Every time a new batch of market research arrived indicating the likely level of subscription for the offer, he would do a rough back-of-the-envelope calculation on what that would mean in the event of a general election - his assumption being that every traditional Labour voter who could be persuaded to buy British Gas shares would overnight be turned into a rabid capitalist and switch his allegiance to the Conservative Party.
Mr Walker seemed to see gas privatisation as almost exclusively an exercise in popular capitalism. To him, the overriding imperative therefore became making the share issue as attractive as possible to the small investor. The interests of consumers - and arguably the taxpayer too - suffered accordingly.
No doubt this is a somewhat exaggerated and simplistic view of the way Mr Walker saw his role, but it is nevertheless true that he agreed to virtually everything that British Gas's powerful and autocratic chairman, Sir Denis Rooke, demanded of him during lengthy and tortuous negotiations over how the corporation should be de-nationalised. Cabinet colleagues of a more radical persuasion - Margaret Thatcher and Nigel Lawson included - were told in no uncertain terms that if they tried to interfere with British Gas's traditional monopoly, Sir Denis, with the full support of Mr Walker (who was later rewarded for his help with a non-executive directorship of the company), would do everything in his power to frustrate them.
The result was that British Gas was privatised in what many came to see as a woefully inadequate fashion - in a way, moreover, that shut the door on the development of any kind of viable competition and that was clearly not in the best interests of large numbers of substantial gas users and suppliers. It was a botched job and it set the tone for seven years of increasingly acrimonious and confrontational squabbling between the company and the industry regulator, Sir James McKinnon of Ofgas. British Gas seemed determined to defend all aspects of its traditional monopoly whatever the costs, and Sir James, out of frustration as much as anything else, became progressively more extreme in his attempts to remedy the situation.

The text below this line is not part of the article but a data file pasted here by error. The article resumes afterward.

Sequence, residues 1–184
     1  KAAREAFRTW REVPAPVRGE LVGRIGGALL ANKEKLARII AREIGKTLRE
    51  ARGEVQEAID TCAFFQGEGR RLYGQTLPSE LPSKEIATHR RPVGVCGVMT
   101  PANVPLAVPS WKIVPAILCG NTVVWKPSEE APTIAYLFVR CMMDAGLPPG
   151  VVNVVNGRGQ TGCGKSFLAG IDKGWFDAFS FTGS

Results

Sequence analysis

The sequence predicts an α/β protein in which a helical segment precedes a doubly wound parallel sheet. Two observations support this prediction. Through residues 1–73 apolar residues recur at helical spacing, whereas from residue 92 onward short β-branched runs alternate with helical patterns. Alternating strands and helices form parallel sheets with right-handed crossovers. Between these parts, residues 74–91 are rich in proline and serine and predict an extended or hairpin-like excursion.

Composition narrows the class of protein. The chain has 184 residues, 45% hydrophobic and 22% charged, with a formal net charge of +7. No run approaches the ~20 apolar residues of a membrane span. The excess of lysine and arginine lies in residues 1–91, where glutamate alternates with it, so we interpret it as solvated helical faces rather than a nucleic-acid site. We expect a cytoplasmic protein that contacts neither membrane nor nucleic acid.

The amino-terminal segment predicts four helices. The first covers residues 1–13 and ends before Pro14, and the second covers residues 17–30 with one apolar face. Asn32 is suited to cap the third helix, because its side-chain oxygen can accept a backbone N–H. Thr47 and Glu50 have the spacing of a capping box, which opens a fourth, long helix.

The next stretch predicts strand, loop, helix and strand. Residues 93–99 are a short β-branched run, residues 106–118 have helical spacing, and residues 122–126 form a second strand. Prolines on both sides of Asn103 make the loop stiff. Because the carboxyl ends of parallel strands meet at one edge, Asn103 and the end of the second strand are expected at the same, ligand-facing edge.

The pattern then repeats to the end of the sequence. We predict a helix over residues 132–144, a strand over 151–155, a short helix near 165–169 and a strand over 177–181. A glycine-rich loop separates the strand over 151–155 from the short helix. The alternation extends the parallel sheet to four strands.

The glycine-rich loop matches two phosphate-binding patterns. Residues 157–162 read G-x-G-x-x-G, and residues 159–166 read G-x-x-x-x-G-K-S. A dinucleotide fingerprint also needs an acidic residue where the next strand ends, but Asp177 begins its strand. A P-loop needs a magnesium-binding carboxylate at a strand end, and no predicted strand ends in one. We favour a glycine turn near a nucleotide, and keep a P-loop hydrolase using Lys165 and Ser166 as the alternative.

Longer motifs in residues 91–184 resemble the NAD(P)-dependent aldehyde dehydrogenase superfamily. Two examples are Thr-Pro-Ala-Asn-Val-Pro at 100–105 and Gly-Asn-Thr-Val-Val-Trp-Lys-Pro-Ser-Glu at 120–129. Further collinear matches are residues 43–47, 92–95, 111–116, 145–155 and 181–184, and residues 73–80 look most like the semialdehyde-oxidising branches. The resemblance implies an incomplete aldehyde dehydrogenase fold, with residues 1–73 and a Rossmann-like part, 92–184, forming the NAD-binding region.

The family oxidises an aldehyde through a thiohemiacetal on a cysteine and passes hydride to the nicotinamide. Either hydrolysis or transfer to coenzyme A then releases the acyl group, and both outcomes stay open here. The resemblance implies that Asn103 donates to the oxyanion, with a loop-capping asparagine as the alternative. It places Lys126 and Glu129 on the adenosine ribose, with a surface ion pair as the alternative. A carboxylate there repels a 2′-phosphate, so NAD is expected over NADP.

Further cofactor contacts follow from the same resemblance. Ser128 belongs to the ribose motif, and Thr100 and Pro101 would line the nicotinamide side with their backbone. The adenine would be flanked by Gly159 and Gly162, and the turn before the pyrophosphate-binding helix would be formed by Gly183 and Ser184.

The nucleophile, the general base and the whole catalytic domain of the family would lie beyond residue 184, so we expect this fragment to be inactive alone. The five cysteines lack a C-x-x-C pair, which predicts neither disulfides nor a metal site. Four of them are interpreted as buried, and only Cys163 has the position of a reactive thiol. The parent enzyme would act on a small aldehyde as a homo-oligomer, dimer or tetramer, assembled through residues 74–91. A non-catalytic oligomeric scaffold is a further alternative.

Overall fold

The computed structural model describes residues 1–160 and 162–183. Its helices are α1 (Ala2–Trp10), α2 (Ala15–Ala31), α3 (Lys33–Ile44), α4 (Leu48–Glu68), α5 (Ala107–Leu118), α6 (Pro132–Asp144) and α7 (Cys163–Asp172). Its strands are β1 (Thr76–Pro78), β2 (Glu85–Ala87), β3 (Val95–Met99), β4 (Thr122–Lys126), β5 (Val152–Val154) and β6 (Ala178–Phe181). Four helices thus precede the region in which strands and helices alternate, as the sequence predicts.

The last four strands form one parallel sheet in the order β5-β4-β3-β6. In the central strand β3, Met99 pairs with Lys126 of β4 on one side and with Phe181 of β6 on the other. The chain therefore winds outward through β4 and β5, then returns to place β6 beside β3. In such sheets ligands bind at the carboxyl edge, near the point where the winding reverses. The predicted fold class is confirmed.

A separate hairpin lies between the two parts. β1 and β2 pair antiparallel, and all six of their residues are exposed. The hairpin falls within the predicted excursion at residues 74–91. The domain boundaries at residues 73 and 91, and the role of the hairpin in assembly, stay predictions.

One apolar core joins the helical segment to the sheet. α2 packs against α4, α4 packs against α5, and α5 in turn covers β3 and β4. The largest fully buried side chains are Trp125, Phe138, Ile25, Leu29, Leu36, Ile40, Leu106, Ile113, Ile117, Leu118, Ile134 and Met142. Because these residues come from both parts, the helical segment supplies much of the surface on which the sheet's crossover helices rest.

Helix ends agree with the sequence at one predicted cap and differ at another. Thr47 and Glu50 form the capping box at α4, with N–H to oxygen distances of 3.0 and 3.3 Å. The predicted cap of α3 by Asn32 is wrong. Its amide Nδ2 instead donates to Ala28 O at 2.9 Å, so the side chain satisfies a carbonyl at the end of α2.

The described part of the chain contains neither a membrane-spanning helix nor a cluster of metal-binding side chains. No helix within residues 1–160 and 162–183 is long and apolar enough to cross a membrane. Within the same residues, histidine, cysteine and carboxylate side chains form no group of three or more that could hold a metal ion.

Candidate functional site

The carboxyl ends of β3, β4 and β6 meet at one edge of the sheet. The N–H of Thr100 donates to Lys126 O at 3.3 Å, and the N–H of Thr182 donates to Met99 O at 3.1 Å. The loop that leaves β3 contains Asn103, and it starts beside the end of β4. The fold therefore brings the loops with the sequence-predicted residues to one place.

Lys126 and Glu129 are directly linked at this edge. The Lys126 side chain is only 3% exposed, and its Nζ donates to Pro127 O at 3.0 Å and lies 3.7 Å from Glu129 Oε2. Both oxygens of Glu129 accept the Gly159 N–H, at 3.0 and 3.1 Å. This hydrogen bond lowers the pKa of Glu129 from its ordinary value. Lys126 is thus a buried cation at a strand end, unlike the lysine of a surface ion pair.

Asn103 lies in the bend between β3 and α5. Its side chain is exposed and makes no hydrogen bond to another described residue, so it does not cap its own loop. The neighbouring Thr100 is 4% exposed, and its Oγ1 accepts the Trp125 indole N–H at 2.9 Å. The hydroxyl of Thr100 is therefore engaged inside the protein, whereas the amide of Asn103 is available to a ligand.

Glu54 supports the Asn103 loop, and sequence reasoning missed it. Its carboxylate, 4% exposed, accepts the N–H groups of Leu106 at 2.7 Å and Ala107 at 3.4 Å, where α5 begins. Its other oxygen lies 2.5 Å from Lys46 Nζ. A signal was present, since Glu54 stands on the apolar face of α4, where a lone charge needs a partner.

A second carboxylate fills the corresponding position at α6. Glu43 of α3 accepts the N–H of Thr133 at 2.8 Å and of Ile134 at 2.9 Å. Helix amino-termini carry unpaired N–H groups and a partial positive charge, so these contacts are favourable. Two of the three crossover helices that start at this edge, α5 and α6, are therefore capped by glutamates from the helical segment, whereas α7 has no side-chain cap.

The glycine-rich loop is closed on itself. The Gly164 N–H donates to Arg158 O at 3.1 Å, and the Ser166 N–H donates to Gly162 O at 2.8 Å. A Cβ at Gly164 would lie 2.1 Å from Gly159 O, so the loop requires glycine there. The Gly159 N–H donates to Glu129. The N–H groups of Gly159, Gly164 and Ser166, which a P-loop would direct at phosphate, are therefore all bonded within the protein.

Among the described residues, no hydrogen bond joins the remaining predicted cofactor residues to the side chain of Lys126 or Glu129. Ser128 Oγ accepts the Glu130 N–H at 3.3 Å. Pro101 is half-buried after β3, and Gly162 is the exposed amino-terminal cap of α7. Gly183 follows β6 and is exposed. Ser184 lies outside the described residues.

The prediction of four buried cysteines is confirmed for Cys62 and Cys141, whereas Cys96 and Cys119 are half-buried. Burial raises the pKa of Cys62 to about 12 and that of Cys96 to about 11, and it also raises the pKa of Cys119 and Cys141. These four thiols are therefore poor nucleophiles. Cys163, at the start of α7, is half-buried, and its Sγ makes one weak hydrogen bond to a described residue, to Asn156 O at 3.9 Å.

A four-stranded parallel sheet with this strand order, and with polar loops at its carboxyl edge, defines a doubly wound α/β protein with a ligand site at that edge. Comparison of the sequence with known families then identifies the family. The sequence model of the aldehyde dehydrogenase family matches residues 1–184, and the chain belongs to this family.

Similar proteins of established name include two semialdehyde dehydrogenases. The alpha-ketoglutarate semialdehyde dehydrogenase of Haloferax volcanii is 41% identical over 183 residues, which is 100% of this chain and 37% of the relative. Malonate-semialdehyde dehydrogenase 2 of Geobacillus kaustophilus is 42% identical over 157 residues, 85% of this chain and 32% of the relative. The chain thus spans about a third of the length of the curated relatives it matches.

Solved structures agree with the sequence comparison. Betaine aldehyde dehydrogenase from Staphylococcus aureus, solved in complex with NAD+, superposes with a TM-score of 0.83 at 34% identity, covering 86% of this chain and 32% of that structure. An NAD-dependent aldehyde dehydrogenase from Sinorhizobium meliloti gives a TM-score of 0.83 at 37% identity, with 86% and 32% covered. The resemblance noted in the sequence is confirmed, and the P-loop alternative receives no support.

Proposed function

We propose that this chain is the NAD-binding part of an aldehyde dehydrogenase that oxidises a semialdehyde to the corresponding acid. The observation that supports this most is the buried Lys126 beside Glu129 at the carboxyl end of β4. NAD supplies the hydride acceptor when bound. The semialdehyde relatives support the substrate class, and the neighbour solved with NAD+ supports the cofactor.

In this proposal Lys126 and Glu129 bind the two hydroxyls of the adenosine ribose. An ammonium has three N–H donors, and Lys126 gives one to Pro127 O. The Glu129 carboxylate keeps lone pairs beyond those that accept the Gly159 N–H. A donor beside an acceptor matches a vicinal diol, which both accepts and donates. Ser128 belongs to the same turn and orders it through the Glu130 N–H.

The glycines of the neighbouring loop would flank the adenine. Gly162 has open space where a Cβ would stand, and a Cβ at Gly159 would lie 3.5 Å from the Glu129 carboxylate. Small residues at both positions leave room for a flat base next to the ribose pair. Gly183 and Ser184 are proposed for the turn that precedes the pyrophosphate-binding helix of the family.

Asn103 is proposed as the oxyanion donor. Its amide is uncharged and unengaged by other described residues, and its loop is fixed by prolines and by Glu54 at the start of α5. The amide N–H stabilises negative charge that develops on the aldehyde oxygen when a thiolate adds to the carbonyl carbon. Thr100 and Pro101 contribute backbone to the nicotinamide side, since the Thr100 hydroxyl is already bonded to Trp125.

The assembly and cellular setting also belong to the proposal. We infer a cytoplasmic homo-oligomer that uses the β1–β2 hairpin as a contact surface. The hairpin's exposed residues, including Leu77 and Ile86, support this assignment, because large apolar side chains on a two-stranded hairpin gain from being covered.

Other privatised industries have had their run-ins with the regulator, too, but nothing on the scale of gas. BT has always been relatively relaxed about the growing challenge to its monopoly position; though it has muttered bitterly about many of the regulator's initiatives to encourage new entrants to the telecommunications market, it has generally accepted them as something it must live with.
In a number of disputes, BT has been to the wire with Oftel (the telecommunications watchdog), but in the end it has always backed away, knowing that a wide-ranging reference to the Monopolies and Mergers Commission - the regulator's last resort if the industry fails to agree to his demands - could be far more damaging to its long-term interests than the worst the regulator might do.
British Gas, by contrast, largely because of its own dog-in-the-manger attitude, got itself into a position where the MMC seemed a good bet set against the progressively more outlandish views of Ofgas. It's no wonder that it welcomed last week's MMC report with open arms. Though the outcome was a little more severe than the City expected - the enforced break-up of British Gas into its pipeline and marketing arms certainly amounts to a dramatic restructuring - it could have been a lot worse. If Sir James had got his way, the break- up would have been much more radical - into 17 separately quoted and competing companies - and the restrictions put on rates of return and prices would have been so severe as to be financially crippling. On the whole, shareholders seem to have ended up with a fair and reasonably balanced set of proposals.
What they mean for the ordinary domestic gas consumer is more difficult to judge. Certainly, the short-term effect is negative. The MMC has taken the view that since ultimately it will be customers who benefit from the restructuring and the competition it brings, they and not the shareholders should pay for its pounds 130m of annual costs. Longer term, competition will bring lower prices, more choice and greater innovation, the MMC believes. Well maybe, but the case is by no means proven. In a utility business supplying a commodity product such as gas, it seems to me at least possible that a tightly controlled and regulated monopoly might actually be a better and more efficient way of delivering service than having a large number of small competing firms.
If I were President of the Board of Trade, I would find the idea that customers should pay for an uncertain benefit an extremely worrying one, especially at a time when Treasury demands for enhanced VAT on fuel bills are driving up prices anyway.Reuse content